Biased and Inflexible Interpretations of Ambiguous Social Situations: Associations with Restrictive Eating Behavior and Socioemotional Functioning
Bronstein, M.V., Everaert, J., Kummerfeld, E., Haynos, A., & Vinogradov, S. (2022). Biased and Inflexible Interpretations of Ambiguous Social Situations: Associations with Restrictive Eating and Socioemotional Functioning. IJED.
81 Pages Posted: 18 Nov 2021 Last revised: 25 Jan 2022
Date Written: January 25, 2022
Background: Research indicates that difficulties across multiple socioemotional functioning domains (e.g., social emotion expression/regulation, response to social elicitors of emotion) and negatively biased interpretations of ambiguous social situations may affect eating disorder symptoms. The impact of inflexible interpretations of social situations on eating disorder symptoms is less clear. The present study therefore examined relations between inflexible and biased social interpretations, socioemotional functioning, and eating disorder symptoms.
Method: 310 participants from the general population, recruited from an online crowdsourcing platform, completed measures of socioemotional functioning (e.g., rejection sensitivity, negative social exchange), eating disorder symptoms, and positive and negative interpretation bias and inflexibility on a single measurement occasion.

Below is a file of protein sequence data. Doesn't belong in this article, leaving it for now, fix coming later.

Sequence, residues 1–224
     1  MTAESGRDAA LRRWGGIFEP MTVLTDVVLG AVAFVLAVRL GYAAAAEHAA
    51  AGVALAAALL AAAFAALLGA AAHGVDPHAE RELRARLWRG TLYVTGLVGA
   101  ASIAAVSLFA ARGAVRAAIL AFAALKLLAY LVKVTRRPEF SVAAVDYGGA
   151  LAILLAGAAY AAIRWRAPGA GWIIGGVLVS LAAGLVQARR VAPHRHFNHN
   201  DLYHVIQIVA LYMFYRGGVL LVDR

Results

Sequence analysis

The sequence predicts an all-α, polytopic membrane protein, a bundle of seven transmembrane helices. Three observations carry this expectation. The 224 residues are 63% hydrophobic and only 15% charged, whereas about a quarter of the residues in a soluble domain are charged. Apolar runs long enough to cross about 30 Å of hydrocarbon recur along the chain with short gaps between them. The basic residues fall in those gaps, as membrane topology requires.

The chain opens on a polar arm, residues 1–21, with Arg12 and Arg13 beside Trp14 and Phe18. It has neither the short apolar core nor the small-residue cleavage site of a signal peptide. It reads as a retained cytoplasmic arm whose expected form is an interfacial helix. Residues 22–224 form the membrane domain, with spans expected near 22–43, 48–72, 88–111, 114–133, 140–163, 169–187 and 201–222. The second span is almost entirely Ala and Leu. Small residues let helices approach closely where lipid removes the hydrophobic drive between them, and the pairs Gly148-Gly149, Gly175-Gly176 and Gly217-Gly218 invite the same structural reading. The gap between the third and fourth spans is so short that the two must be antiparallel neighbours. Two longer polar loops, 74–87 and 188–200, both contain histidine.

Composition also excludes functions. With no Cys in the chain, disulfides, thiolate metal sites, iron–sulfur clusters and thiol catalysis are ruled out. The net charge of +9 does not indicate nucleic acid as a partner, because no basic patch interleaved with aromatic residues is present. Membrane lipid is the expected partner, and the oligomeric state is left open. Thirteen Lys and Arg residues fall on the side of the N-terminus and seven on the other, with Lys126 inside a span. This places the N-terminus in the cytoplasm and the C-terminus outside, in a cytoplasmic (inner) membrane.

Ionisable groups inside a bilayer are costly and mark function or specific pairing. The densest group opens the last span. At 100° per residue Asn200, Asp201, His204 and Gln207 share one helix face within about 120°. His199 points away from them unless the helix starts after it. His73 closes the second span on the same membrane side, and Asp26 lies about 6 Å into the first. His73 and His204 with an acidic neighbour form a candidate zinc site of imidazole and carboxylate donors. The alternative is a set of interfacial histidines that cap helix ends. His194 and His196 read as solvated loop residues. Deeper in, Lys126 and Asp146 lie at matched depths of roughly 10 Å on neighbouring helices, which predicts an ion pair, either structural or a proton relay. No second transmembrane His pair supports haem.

Results: Socioemotional functioning impairments (Pillai’s trace=0.11, p<.001), but not negative (β=.07, p=.162) or positive (β=-.01, p=.804) interpretation bias or inflexible interpretations (β=.04, p=.446), were associated with eating disorder symptoms in multiple regression models. In network analyses controlling statistically for multiple markers of socioemotional functioning, eating disorder symptoms were directly associated with negative (but not positive) interpretation bias. Inflexible interpretations were indirectly linked to symptoms via co-dampening of positive emotions.
Exploratory causal discovery analyses suggested that several socioemotional functioning variables (social anxiety, depression, negative social exchange) may cause eating disorder symptoms.
Conclusions: Consistent with cognitive-interpersonal models of disordered eating, our results suggest that less accurate (biased, inflexible) interpretations of social information contribute to patterns of cognition (anxious anticipation of rejection) and emotion regulation (down-regulation of positive social emotion) thought to encourage disordered eating.
Keywords: Interpretation Bias, Interpretation Inflexibility, Restrictive Eating, GFCI, Socioemotional functioning
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